Tip: Stand at the bar as oppose to sitting down at the tables, you will save yourself a few Euros.  

Cafes, known as bars in Italy, serve great coffee and all have restrooms!

You don’t need to tip in Italy, do you? 

When dining in Italy, you will be automatically billed a ​coperto, that’s a cover charge that every restaurant applies to your bill. It’s used to cover the breadsticks, water and table service, and that amount does not go to the waitstaff. The exact amount various and is usually posted on the menu, but depending on the city, it’s usually anywhere form 1 Euro to upwards of 5 Euros, so don’t get sticker shock when checking out.  Italian waitstaff are paid a fare wage in Italy, so knowing this, many Italians generally don’t tip. With that being said, while not required, a tip is definitely appreciated and goes a long way. I highly urge my clients to tip a few Euros directly to the waitstaff, and I have never eaten at an Italian restaurant and not tipped. After all, you’re spending thousands on your Italian vacation, this is not going to break the bank. 

Tip your serves, it’s the right thing to do!

Everyone speaks English in Italy, right? 

Yes and no. Yes, in the main cities, many public workers at shops and museums speak English, but that’s not always a given, and that’s not to say that they don’t appreciate you speaking to them in Italian, even if you make mistakes. So be sure to pick up a small phrase book and learn the basics, such as: where’s the bathroom, how much does it cost, how do I get to X. Showing respect goes a long way in Italy, so don’t assume everyone speaks your language, and do make an attempt to speak in theirs, even if it’s a greeting upon entering an establishment.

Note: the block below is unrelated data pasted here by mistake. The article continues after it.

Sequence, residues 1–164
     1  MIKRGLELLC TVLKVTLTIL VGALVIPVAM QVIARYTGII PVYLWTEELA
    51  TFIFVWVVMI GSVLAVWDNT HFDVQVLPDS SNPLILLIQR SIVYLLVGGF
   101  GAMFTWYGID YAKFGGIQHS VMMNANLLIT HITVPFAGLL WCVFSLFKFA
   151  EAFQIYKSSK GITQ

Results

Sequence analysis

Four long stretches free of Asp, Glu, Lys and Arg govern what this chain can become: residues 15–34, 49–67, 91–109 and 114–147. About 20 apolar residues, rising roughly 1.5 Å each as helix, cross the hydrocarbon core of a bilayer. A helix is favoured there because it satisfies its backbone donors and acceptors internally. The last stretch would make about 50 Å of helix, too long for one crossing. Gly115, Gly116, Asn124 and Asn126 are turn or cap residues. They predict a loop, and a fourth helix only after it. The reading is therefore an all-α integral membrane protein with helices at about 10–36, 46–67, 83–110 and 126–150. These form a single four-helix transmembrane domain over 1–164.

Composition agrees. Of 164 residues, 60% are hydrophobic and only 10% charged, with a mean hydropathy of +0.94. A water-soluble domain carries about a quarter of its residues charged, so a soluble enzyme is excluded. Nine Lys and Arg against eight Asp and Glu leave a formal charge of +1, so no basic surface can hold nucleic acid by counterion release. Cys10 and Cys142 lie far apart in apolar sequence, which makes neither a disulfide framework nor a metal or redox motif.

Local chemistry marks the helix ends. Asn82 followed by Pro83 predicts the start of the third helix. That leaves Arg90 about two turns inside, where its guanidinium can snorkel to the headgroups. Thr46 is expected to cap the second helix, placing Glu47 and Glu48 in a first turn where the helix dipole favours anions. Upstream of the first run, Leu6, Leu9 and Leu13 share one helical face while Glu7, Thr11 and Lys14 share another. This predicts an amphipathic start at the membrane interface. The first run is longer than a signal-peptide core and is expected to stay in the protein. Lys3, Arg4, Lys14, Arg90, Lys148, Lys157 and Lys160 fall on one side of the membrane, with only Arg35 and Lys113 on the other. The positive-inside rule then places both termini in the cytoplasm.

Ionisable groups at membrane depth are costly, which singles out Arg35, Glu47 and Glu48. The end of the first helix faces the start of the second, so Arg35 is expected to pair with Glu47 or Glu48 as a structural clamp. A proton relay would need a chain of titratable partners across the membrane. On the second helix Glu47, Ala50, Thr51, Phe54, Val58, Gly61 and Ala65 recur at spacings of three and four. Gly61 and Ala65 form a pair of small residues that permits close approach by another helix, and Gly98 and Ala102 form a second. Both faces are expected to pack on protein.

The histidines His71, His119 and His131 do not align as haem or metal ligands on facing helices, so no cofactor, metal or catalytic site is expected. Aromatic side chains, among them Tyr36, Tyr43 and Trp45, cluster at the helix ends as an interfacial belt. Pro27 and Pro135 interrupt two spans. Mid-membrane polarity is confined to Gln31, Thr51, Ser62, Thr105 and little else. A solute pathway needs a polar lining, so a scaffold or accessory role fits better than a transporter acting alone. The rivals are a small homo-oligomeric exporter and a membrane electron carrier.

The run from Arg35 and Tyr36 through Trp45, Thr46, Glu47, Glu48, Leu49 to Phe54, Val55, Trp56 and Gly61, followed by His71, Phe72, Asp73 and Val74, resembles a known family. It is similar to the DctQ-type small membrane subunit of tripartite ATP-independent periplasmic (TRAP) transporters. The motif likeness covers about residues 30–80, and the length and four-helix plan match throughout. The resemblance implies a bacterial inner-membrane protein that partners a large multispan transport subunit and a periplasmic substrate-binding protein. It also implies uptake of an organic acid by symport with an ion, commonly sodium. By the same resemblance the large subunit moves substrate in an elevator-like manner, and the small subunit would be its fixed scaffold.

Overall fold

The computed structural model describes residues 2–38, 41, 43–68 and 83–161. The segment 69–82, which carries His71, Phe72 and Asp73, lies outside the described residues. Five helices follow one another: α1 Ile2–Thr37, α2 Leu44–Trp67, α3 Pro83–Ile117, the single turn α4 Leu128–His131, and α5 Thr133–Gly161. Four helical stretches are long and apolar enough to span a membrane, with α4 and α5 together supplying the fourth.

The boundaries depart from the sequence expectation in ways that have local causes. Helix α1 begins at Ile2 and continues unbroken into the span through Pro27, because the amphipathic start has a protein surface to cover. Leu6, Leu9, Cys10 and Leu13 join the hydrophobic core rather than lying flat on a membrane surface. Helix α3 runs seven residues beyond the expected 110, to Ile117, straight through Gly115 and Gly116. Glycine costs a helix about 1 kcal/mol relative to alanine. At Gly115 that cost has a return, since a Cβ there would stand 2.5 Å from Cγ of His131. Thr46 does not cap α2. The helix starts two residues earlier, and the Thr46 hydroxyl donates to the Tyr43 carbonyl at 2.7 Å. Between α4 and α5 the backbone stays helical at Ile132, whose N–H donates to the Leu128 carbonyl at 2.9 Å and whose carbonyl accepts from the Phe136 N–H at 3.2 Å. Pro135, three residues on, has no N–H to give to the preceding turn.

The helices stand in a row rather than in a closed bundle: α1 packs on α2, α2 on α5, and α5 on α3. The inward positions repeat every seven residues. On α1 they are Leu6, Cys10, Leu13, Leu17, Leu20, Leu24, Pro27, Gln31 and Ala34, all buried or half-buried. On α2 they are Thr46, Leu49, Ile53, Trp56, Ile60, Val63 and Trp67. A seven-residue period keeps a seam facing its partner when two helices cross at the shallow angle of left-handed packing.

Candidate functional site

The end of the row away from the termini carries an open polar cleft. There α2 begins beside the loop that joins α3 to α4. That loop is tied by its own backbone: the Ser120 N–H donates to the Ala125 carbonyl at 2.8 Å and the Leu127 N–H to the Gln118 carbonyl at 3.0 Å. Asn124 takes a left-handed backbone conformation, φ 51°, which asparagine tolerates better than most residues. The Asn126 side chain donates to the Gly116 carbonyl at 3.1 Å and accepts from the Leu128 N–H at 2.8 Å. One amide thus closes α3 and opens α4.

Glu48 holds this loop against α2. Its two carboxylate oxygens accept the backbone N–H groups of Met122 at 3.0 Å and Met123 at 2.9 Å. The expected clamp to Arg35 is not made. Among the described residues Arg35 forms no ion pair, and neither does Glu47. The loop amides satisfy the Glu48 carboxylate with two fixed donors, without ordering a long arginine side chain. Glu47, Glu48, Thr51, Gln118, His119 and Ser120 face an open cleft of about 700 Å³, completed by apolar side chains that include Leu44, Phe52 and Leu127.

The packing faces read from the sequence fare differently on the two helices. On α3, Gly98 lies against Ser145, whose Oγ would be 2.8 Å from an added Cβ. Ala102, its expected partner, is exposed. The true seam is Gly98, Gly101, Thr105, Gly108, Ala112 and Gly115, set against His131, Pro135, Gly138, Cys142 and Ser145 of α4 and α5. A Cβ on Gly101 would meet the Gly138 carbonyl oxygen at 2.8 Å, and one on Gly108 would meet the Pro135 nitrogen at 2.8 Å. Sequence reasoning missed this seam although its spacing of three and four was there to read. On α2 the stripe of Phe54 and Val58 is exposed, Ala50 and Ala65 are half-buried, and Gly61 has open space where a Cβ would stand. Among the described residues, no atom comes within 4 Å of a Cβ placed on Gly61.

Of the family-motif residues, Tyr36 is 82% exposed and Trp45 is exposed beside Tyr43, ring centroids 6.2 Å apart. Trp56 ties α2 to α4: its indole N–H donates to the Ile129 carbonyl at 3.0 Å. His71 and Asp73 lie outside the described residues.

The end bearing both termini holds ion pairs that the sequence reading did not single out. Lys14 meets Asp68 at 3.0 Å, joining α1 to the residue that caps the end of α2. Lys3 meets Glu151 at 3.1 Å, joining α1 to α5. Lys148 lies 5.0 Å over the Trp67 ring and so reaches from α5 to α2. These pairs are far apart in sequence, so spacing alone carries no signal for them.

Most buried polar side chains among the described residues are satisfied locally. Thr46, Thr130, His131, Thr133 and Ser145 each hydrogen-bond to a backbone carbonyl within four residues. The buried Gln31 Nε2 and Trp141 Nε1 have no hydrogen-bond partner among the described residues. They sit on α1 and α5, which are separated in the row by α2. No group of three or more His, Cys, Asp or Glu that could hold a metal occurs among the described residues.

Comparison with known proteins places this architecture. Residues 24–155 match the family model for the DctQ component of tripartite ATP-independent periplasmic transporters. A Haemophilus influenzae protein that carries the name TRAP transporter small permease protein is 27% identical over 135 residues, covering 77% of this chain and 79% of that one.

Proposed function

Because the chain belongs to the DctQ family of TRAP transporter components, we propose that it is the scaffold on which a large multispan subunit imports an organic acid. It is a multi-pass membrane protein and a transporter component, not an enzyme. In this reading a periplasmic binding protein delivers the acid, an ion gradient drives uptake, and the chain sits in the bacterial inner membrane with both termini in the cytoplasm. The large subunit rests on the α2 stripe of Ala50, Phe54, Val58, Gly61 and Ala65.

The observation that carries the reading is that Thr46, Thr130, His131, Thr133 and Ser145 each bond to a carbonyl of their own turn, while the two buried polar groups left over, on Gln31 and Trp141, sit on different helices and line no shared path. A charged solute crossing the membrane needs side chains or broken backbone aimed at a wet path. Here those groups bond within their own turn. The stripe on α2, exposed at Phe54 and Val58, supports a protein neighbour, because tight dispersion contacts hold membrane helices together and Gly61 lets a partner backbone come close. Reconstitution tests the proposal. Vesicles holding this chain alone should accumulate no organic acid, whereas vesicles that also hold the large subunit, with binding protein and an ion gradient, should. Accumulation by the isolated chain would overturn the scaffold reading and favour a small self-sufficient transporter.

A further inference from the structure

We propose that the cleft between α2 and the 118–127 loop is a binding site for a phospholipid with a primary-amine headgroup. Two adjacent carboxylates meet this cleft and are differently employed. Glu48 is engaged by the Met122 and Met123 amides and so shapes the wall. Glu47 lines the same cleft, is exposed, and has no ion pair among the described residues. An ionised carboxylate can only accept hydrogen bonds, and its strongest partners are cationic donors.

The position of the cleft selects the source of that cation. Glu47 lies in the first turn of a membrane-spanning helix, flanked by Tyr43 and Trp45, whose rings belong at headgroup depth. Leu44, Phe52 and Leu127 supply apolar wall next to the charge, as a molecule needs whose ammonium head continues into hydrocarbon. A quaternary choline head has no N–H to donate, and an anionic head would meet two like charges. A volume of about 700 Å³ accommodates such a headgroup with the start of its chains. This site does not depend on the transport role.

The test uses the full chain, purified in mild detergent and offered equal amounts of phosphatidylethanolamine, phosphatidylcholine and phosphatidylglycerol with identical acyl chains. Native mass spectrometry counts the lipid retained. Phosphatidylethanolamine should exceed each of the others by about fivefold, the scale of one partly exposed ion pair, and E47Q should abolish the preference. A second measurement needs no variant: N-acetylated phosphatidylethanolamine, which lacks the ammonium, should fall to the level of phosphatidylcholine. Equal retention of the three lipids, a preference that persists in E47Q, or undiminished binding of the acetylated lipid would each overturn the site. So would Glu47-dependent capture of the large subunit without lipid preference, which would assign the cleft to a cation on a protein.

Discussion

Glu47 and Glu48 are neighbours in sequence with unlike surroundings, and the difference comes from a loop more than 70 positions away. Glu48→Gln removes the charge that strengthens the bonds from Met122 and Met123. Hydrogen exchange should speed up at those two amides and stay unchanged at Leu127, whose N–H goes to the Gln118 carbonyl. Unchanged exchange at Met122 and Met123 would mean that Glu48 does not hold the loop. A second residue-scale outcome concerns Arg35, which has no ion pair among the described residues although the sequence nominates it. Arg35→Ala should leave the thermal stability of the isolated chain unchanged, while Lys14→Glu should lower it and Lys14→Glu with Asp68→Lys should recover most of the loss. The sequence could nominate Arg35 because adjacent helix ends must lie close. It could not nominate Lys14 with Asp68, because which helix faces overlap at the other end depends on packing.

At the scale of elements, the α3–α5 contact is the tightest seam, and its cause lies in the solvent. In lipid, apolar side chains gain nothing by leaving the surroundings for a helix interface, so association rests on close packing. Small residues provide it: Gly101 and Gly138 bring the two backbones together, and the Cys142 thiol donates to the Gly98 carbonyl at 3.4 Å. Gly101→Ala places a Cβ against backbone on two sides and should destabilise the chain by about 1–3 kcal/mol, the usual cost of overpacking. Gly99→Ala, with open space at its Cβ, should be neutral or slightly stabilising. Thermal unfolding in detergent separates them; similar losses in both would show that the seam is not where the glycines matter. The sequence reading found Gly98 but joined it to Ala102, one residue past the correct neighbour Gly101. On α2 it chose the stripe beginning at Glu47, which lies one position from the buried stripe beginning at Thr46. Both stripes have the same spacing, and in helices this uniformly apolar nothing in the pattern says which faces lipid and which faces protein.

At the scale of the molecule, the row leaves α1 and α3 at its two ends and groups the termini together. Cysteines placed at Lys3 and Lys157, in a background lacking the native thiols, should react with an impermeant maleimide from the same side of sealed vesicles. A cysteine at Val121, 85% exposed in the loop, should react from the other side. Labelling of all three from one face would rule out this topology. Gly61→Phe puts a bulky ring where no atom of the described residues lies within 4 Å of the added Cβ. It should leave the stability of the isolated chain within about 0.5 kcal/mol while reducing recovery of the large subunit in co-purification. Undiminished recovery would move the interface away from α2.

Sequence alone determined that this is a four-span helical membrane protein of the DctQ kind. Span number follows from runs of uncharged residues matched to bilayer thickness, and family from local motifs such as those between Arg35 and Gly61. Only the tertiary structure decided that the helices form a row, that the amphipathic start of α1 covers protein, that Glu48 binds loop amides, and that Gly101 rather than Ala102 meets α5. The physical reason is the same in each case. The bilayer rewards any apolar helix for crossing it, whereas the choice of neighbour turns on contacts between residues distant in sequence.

Yes, they likely speak English here, but just be polite and say a few words in Italian.

Dinner is at what time? 

Italy takes its relationship with food seriously and there are many unwritten rules as to the consumption of it! And food is also sacred and mealtime is not something you want to get wrong! Italians dine late and most restaurants don’t open until at least 8:00pm. If you find one that is open earlier, run the other way, it’s likely a spot aimed at tourists who dine early and the cuisine is not worth it. Have an afternoon snack to hold you over until dinner, may I suggest a gelato? Just don’t order a cappuccino in the afternoon. Milky drinks are considered acceptable only until mid-morning, after that, Italians just drink espresso. 

Our Bologna 2018 group enjoying a late dinner.

The afternoon rest isn’t just for toddlers 

Italians have a strange work schedule. While in the US, we’re used to working from 9:00am to 5:00pm, Italians take a long afternoon break and return again to their post in the late afternoon. You’re going to find many shops, museums and offices closed from around 1:00pm to 4:00pm. If you’re traveling in a big city, this is going to be less noticeable as some places remain open, but the less touristy cities still abide by this, so just schedule your day accordingly. If you don’t feel like wasting your precious vacation time taking an afternoon nap, use this time to stroll the gardens, walk the streets and take scenic outdoor pictures. 

Empty street in Rome, must be time for afternoon rest.

Save your money and don’t buy bottled water

One of the things you will notice on your first trip to Italy is the many fountains readily available throughout the entire country. And guess what? That water is perfectly safe to drink, and more refreshing and certainly even tastier than bottled water! So grab a cheap refillable bottle and keep it handy for refills throughout your trip.

The many fountains in Italy offer travelers refreshing water along the way.

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What to Pack for Italy

Cosa Mettere in Valigia per l'Italia

Everyone is always asking me what they should pack for Italy,
so I’ve created a quick reference guide that you can use for your next trip.

Hint: You don’t need nearly as much as you think you do!